Verify trail cam photos before choosing stand

A valuable tool no doubt, but one picture is not enough

It’s obvious, right?

You capture a nice buck on your trail cam by the sunflower field stand, so you pick that venue for opening day.

But perhaps, a little more information should be obtained before you lock down a decision for a potential hunting stand candidate.

So how do you substantiate trail cam evidence?

The answer to that is quite subjective. I know hunters who will wear out a stand after catching just one buck on their camera one time. Is that enough evidence to convince you that this is the stand for an opening day vigil?

Every deer hunter’s threshold of proof differs in this regard. Personally, I would need to see several sightings of the same deer at the same camera over an extended period of time. It could be that a certain buck comes and goes as would be usual and expected, but if I just photo him jut one time over a month that is a pretty thin benchmark to use.

Multiple sightings of a quality buck are evidence you have found his core area. Limit your activity in that area, and if possible do some scouting from a distance with long-range optics.

Remember, too, that early in the season bucks are very likely to gang up and there’s the opportunity to find photos of a nice group of mature bucks hanging together.

“Last year I caught five bucks on my camera more than once,” Mississippi hunter Dr. Drew Dulaney said. “Two of the bucks were pretty darn good, and before the season was out, I shot one of them.”

Later in the bow season these buck groups will break up, but it is likely that the dominant buck(s) will remain in that core area. If you continue to film one or two bucks over and over at the same spot, that area might be a good place to spend some quality hunting time.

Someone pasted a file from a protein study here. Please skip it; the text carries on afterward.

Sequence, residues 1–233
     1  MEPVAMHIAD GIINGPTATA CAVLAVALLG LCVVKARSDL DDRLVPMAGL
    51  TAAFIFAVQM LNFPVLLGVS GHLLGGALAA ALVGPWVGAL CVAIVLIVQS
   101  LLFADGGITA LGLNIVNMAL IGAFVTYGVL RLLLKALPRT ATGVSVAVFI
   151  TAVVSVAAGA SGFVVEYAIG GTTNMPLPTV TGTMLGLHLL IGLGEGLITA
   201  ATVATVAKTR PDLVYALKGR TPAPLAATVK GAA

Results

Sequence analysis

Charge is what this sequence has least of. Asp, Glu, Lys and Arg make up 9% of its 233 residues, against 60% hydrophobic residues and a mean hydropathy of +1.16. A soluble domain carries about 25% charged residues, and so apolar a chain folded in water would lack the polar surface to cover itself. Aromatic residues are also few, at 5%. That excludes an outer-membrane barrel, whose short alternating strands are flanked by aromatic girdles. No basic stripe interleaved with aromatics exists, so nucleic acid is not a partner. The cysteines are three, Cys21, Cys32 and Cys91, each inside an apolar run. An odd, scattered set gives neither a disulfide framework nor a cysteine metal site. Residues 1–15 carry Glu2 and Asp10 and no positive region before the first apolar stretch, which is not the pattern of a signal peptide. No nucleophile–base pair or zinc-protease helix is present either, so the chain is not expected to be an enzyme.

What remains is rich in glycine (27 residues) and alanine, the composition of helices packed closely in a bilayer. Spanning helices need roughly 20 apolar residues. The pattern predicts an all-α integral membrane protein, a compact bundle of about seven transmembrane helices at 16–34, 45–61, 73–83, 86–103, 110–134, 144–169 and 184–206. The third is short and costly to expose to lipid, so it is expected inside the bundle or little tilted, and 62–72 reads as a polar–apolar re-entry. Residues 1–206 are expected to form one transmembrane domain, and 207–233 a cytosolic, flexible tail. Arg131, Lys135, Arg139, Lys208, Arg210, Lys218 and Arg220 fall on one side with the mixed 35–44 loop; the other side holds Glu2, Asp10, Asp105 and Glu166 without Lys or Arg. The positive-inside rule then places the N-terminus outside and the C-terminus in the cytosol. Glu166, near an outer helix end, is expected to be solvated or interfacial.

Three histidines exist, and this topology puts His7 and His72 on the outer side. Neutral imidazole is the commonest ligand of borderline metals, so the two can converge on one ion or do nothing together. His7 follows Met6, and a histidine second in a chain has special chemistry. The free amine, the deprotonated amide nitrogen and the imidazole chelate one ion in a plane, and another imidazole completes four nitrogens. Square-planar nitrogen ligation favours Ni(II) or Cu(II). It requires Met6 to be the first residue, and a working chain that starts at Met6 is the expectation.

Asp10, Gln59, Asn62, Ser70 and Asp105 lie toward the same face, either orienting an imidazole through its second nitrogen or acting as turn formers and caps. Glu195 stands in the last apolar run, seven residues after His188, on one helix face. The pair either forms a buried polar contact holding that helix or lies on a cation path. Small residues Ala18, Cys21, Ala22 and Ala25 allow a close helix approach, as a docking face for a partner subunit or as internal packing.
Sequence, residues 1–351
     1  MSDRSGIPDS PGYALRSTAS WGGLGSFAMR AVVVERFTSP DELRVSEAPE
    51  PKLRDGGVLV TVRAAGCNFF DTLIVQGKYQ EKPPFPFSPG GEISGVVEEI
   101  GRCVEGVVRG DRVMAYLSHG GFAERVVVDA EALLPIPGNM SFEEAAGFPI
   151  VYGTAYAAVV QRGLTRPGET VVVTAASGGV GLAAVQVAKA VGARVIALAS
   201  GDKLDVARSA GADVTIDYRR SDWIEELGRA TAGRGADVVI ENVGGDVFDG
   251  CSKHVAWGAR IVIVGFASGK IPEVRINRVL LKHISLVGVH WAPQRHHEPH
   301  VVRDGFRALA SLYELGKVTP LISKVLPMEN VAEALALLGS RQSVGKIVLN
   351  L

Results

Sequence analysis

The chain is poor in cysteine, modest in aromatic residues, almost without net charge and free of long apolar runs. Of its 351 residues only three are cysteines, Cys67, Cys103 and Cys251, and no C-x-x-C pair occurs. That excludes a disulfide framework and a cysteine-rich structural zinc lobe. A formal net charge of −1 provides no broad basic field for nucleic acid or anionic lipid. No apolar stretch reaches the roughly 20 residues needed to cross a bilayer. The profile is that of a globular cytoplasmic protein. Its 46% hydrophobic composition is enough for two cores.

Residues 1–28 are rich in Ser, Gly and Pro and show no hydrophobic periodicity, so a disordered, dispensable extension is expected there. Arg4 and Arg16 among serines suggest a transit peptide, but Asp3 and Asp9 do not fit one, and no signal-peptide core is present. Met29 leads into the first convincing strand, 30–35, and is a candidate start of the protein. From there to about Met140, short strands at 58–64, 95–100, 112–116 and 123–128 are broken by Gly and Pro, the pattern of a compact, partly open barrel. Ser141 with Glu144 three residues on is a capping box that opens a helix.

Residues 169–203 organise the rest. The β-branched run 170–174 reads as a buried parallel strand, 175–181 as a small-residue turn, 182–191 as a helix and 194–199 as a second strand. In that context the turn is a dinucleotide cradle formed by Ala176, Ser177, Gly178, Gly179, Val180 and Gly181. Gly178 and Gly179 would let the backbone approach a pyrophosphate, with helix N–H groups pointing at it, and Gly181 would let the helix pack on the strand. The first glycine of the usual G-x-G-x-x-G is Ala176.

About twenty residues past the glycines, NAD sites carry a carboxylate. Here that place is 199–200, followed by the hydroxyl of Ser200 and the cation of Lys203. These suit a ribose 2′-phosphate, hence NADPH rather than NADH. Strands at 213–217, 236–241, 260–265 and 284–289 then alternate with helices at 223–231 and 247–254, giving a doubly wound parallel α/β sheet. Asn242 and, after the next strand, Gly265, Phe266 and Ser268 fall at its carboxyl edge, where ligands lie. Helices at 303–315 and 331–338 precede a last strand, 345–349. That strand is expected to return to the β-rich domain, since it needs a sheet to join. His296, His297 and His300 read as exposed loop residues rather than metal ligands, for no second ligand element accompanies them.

Best camera set-up

Two critical things seem to play heavily into yielding really good trail camera shots.

One is positioning of the camera away from the prevailing angle of the sun in your area and set-up location. The other is setting the proper mounting height of the camera to catch as wide a perspective as possible.

Over the years I have caught a lot of deer legs and feet on camera, and other times I got little more than sunspots. It is frustrating to anticipate catching some good photos only to be jinxed by a poor set up.

Read the manufacturer’s set-up instructions, follow them and then verify that you are getting quality photos of anything that shows up. Early, it could be raccoons, coyotes, bobcats, or fox or turkey. Consider that practice and know the camera is working properly, as well as being positioned correctly.

Try to position the camera where it is a bit obscured but not covered by limbs or grass that could blow in the wind and set off the camera or create blurred images.

When you hang the camera on a tree or post, get down on your knees to check the height and alignment. Get it right the first time.